Hand over (exchange) your card to the last person - explain that that person is responsible to check-in with the owner of the card at the end of the session.
Allow 2 min to close activity - ask participants what they thought of the LS - how might they use it or?

The FLOW of FLO 
Setup
Explain brief tour of FLO, course is available as OER for exploration at any time
Explain What, So What, Now What as a facilitation strategy
Generate some questions you have about facilitation



Steps
Slides to touch on structure, highlights, and themes (Assessment, Workload Management, Responsive Facilitation)
Pause points for question jam: After each theme overview (aligns with stations)
Write a burning question on an index card (will use later in pair activity): So what? Why is this topic important? What do you want/need to know about it?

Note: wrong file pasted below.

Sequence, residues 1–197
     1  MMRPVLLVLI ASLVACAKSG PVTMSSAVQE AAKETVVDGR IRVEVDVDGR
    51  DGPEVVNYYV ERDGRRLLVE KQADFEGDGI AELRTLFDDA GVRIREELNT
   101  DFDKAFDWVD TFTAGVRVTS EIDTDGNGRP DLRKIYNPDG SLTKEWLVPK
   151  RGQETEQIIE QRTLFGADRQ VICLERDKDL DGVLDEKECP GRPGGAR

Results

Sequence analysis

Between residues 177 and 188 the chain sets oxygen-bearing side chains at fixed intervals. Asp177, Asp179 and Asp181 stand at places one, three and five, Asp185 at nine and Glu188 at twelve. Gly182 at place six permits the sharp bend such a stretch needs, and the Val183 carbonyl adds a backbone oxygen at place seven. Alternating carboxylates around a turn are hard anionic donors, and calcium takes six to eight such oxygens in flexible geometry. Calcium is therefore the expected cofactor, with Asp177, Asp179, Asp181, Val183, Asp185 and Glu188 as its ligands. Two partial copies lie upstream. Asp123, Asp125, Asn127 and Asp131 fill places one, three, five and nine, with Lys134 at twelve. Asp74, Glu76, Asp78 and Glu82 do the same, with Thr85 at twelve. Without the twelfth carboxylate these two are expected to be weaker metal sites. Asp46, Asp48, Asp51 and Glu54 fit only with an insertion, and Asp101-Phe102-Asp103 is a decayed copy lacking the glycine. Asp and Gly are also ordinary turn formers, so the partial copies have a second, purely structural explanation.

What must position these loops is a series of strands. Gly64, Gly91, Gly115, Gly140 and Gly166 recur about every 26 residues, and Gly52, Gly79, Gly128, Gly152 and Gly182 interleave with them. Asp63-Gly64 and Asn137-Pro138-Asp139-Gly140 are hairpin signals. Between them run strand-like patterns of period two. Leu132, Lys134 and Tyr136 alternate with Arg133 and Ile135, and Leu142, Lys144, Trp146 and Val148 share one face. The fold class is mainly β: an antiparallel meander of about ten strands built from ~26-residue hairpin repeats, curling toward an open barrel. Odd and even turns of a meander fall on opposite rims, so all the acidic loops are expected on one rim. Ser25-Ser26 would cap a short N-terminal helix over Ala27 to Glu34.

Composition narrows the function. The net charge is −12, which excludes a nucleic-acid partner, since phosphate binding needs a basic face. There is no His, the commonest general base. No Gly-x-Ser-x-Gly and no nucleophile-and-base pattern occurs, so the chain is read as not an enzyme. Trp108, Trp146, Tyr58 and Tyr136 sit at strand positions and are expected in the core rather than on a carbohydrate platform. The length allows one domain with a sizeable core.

Collect cards and place at relevant station.

Setup - Now What? 
Think about the topic that is most relevant for you - where you have something to contribute or you want to achieve something in relation to (refer back to intro activity)
Self-assign to topic stations

Setup Introduce activity & LS structure

Random Ranking - scale of 1-5 each person ranks each card at their station - which is of most interest / useful

Pair - with 1 card 
What do I
Why do I
How do I

Recommendations
Must Dos and Must NOT Dos

ALL at Station
Share your lists - add ideas from group to each list.
Call time - select one Challenge card and Lists with large group
3 Station reports to large group


Impromptu carry forward - 
Pair up with person you exchanged cards with during Impromptu Networking activity